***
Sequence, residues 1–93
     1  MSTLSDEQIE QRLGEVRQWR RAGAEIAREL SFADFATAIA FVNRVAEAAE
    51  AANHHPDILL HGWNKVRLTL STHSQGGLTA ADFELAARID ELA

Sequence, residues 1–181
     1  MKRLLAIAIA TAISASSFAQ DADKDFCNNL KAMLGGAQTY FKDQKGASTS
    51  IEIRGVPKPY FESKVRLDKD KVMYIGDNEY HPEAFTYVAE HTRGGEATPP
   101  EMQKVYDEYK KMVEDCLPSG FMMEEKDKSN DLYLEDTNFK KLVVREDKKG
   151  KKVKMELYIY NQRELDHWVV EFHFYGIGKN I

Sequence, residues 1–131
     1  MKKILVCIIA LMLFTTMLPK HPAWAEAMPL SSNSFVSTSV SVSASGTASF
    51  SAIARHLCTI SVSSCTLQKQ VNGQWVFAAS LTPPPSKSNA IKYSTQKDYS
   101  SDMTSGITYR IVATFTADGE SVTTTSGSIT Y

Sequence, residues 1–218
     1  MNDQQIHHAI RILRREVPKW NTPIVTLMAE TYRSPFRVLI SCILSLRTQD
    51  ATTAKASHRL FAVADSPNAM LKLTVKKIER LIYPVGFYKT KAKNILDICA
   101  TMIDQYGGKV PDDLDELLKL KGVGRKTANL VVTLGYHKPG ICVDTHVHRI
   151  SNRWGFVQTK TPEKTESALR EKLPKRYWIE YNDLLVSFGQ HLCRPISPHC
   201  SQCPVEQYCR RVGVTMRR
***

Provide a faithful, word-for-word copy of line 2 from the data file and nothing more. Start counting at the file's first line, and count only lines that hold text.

     1  MSTLSDEQIE QRLGEVRQWR RAGAEIAREL SFADFATAIA FVNRVAEAAE